A recent talk given by Professor Lesley King raised a few options for dealing with Discretionary Trusts in Wills, i.e.
Keep the Trust in place but for simplicity and tax efficiency look at preparing a Deed to earmark the income for one particular beneficiary, usually the spouse.
Appoint all of the discretionary fund out of the Trust, usually to the surviving spouse via Deed of Appointment within a two-year period of death, thus getting rid of the discretionary trust.
She then said there was of course a third way - to appoint the discretionary fund out to a new IPDI settlement instead which of course would retain the asset protection element should the survivor need social care AND ensure the NRB can be transferred on death of survivor and RNRB can be claimed.
Professor King somewhat glossed over this third option but surely it is the best one? I would be very interested to hear what other practitioners do when dealing with this issue?
And just a second point about IPDIs - where a survivor is entitled to whole of first estate absolutely (no trust) but tries to vary to include an IPDI thinking this could minimise the impact of care fees, this would be seen as deprivation of capital.
I’m right in thinking there would be no deprivation if there was a deed of appointment out of a discretionary trust to a new IPDI would there? The assets have always remained in the trust, were never the surviving spouse’s assets and therefore no deprivation?
What you do will depend entirely on the circumstances and assets held so there can be no general best course.
As you say, asset protection will apply to an IPDI, although a discretionary trust would normally provide greater protection, but the TRNRB is lost. A flexible IPDI with overriding powers is often the best bet.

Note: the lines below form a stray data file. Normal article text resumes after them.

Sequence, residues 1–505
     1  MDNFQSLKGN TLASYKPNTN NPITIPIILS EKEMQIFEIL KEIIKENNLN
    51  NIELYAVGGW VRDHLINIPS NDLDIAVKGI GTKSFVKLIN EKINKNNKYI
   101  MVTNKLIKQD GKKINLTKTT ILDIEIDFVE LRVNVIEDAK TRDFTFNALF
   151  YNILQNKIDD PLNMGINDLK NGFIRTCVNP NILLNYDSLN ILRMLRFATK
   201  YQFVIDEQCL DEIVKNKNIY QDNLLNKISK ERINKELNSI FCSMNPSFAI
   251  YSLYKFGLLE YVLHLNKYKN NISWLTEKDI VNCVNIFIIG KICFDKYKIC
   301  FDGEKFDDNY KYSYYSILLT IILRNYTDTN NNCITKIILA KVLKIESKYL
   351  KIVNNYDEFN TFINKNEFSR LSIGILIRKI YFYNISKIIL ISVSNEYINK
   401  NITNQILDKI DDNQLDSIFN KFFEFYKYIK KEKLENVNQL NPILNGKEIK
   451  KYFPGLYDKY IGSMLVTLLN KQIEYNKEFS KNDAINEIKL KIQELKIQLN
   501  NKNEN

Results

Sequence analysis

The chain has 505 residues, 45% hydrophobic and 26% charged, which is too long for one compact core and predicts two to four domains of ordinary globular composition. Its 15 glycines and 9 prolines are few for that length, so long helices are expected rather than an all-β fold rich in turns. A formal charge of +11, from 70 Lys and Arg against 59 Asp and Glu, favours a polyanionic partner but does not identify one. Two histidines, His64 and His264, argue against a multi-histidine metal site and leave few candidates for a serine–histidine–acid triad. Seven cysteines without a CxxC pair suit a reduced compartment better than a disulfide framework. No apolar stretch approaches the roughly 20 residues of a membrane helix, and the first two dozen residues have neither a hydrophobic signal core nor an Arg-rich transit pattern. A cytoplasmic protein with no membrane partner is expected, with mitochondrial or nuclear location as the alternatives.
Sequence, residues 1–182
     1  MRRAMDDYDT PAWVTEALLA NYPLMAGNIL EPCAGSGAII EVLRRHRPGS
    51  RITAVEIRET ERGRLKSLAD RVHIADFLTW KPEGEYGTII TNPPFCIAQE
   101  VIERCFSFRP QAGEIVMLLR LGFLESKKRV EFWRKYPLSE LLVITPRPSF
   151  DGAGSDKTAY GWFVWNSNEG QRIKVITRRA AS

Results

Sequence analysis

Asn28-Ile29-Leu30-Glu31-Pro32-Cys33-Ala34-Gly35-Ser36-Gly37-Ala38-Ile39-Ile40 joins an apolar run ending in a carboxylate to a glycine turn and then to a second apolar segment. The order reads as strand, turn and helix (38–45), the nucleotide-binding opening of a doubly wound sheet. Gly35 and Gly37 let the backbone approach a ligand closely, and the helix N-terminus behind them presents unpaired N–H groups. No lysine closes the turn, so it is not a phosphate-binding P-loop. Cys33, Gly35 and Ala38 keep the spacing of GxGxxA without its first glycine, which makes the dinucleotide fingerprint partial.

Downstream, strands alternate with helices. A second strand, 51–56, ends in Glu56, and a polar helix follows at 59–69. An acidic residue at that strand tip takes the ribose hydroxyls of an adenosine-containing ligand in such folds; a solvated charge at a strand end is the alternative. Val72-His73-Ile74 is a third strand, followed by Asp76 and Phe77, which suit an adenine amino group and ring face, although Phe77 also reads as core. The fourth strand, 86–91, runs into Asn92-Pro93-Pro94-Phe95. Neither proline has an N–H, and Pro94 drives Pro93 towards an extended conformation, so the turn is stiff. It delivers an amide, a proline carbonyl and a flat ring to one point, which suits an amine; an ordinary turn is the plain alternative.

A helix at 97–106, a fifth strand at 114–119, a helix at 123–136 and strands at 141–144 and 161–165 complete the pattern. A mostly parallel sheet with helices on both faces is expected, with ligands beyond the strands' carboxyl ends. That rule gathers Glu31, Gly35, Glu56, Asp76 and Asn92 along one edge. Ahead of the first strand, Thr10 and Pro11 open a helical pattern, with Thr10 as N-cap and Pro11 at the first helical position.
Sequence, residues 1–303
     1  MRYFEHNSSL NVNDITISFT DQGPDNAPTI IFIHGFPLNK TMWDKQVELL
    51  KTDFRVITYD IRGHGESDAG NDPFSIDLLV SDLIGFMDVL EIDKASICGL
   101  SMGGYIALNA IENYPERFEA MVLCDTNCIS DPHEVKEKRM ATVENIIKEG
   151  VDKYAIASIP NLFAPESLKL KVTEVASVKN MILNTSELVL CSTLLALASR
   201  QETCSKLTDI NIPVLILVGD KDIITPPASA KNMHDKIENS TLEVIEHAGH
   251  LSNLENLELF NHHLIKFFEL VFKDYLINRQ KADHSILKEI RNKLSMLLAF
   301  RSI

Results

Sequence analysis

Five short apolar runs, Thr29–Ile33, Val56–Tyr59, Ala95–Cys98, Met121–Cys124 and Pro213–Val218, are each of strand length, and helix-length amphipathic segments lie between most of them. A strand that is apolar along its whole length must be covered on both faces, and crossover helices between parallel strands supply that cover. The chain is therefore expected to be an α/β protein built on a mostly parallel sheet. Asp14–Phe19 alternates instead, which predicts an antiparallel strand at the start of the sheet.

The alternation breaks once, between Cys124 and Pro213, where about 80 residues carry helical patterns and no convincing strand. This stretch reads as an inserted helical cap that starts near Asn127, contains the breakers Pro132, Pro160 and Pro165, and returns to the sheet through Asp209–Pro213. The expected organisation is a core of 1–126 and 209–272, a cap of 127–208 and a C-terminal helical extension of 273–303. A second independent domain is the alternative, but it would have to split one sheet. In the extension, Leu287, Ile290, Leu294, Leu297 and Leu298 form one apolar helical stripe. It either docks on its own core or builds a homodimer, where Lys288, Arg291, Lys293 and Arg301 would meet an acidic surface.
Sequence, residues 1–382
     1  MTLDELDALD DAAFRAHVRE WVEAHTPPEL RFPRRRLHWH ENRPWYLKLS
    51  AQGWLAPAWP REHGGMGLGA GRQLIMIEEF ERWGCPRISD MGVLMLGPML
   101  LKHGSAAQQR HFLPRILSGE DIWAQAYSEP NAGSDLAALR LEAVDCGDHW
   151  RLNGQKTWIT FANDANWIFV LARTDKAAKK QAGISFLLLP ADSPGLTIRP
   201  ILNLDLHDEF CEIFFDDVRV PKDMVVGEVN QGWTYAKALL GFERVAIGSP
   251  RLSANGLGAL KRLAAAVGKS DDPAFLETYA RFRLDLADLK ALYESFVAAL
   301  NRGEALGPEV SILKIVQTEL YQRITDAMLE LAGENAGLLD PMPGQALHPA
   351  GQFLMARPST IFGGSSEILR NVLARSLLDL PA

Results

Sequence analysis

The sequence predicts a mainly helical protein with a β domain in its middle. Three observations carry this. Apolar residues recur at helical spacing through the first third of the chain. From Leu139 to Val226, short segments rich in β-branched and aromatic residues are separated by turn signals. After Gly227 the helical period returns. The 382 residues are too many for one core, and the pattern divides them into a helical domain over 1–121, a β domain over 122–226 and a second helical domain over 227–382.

As a rule of thumb, IPDI is first choice as it does NOT suffer taxation under the relevant property regime.
Agree with Simon’s comments - dependent on circumstances.
Thank you Richard but did you mean to say that it does not suffer taxation under the relevant property regime?
Thank you Simon and I’m right in thinking aren’t I that a Deed of Appointment signed within two years of date of death appointing assets out of DT to an IPDI will not in anyway seen as deprivation of capital by spouse. I just want to be 100% sure before I proceed because it was a question my client asked me.
Obviously a spouse receiving absolutely under a Will who then varies within two years to set up an IPDI of which he/she is life tenant is clearly a deprivation. But the above action - deed of appointment - wouldn’t be because those assets pass from one trust to another so never form part of survivor’s estate.
Totally agree that it depends on the assets. Where the first to die has very little cash it often makes sense to just appoint that out to spouse absolutely and just keep the share of the property in the Trust.
Yes I always go with the fully flexible life interest trust.
Sorry yes - typing while drinking coffee - fatal error.
No deprivation as you say, unless she was the sole trustee! Unlikely.